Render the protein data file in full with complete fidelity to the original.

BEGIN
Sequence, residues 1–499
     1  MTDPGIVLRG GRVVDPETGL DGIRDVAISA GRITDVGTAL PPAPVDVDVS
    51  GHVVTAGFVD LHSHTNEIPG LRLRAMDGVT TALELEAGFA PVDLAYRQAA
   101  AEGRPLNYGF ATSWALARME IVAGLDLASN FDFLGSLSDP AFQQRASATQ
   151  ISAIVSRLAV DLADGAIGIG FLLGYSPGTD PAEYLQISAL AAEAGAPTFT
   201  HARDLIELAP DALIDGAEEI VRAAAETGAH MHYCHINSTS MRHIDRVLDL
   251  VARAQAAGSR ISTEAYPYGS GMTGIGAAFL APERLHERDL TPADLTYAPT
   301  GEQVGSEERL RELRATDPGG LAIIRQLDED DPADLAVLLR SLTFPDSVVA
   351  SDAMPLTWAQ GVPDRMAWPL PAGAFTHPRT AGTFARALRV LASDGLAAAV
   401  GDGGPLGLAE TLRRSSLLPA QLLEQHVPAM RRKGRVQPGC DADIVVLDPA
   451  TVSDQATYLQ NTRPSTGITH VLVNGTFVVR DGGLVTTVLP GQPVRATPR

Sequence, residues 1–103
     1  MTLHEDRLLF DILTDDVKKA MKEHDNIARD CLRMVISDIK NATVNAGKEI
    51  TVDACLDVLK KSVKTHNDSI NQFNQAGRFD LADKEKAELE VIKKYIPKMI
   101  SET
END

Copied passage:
Sequence, residues 1–499
     1  MTDPGIVLRG GRVVDPETGL DGIRDVAISA GRITDVGTAL PPAPVDVDVS
    51  GHVVTAGFVD LHSHTNEIPG LRLRAMDGVT TALELEAGFA PVDLAYRQAA
   101  AEGRPLNYGF ATSWALARME IVAGLDLASN FDFLGSLSDP AFQQRASATQ
   151  ISAIVSRLAV DLADGAIGIG FLLGYSPGTD PAEYLQISAL AAEAGAPTFT
   201  HARDLIELAP DALIDGAEEI VRAAAETGAH MHYCHINSTS MRHIDRVLDL
   251  VARAQAAGSR ISTEAYPYGS GMTGIGAAFL APERLHERDL TPADLTYAPT
   301  GEQVGSEERL RELRATDPGG LAIIRQLDED DPADLAVLLR SLTFPDSVVA
   351  SDAMPLTWAQ GVPDRMAWPL PAGAFTHPRT AGTFARALRV LASDGLAAAV
   401  GDGGPLGLAE TLRRSSLLPA QLLEQHVPAM RRKGRVQPGC DADIVVLDPA
   451  TVSDQATYLQ NTRPSTGITH VLVNGTFVVR DGGLVTTVLP GQPVRATPR

Sequence, residues 1–103
     1  MTLHEDRLLF DILTDDVKKA MKEHDNIARD CLRMVISDIK NATVNAGKEI
    51  TVDACLDVLK KSVKTHNDSI NQFNQAGRFD LADKEKAELE VIKKYIPKMI
   101  SET